The history of electric cars began in the mid 19th century,
and the invention of the electric car is attributed to various inventors.
In 1828, Ányos Jedlik, a Hungarian who invented an early type of electric motor,
created a small car model powered by the then new type of engine.
In 1834 in Vermont, Thomas Davenport invented the first American DC electric motor.
Rechargeable batteries that provide a viable way to store electricity in the car did not exist until 1840.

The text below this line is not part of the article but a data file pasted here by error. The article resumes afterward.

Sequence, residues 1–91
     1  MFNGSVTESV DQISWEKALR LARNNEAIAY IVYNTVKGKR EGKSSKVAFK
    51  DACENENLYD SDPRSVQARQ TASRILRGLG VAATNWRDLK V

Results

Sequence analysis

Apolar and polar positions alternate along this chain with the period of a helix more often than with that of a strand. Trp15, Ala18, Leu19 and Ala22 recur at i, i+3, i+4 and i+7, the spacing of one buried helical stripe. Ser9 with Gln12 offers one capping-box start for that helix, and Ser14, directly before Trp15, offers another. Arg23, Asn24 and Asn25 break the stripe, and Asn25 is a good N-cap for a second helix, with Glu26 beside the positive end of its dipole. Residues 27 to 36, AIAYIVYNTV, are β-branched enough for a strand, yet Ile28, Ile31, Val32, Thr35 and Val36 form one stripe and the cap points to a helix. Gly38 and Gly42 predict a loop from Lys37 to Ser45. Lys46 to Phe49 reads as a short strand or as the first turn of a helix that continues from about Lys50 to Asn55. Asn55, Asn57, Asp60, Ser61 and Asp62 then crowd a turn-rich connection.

The invention of the improved battery technology in France in 1881,
with the efforts of Gaston Plante and his countryman Camille Faure,
finally opened the way for electric cars and their expansion in Europe.
France and Great Britain were the first countries to support the development of electric cars.
Before improvement of the internal combustion engine,
electric cars held many records regarding speed and range.
Among the most important is breaking the record of 100 km/h on 29th April 1899.
Although Thomas Davenport was among the first to install an electric motor into a vehicle,
the electric car in the conventional sense was not developed until sometime around 1891.